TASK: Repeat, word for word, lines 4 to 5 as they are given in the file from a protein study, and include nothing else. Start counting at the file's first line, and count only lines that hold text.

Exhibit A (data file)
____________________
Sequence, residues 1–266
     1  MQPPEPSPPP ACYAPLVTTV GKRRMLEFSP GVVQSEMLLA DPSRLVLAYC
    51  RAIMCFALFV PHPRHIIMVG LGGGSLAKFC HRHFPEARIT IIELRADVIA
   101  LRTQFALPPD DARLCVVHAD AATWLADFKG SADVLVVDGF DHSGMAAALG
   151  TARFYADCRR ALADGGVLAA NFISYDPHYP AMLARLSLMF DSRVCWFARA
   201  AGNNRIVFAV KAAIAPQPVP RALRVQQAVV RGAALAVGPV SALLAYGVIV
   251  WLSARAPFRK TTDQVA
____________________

   101  LRTQFALPPD DARLCVVHAD AATWLADFKG SADVLVVDGF DHSGMAAALG
   151  TARFYADCRR ALADGGVLAA NFISYDPHYP AMLARLSLMF DSRVCWFARA